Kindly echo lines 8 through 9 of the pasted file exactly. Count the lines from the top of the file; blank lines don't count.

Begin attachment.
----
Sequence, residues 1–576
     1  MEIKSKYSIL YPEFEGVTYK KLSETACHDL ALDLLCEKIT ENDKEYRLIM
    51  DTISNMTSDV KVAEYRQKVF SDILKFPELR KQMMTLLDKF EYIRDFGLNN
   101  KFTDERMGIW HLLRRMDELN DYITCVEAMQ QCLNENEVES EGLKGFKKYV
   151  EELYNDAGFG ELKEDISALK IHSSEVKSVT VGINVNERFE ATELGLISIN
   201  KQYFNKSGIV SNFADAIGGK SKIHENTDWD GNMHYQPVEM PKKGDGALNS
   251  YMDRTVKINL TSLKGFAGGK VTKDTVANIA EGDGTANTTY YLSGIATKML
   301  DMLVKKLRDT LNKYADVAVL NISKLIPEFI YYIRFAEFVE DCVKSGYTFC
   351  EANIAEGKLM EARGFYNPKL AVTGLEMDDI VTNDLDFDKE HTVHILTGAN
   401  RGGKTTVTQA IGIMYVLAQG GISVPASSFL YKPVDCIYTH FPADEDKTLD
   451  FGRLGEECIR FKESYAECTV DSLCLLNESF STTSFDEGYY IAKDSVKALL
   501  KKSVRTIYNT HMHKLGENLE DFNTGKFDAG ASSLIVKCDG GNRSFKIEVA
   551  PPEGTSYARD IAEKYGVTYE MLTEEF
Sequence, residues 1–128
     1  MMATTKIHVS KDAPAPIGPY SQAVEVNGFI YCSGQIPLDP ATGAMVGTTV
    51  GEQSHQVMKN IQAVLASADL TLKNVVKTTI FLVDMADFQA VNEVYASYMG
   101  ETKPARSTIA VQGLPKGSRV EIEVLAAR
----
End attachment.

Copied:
   301  DMLVKKLRDT LNKYADVAVL NISKLIPEFI YYIRFAEFVE DCVKSGYTFC
   351  EANIAEGKLM EARGFYNPKL AVTGLEMDDI VTNDLDFDKE HTVHILTGAN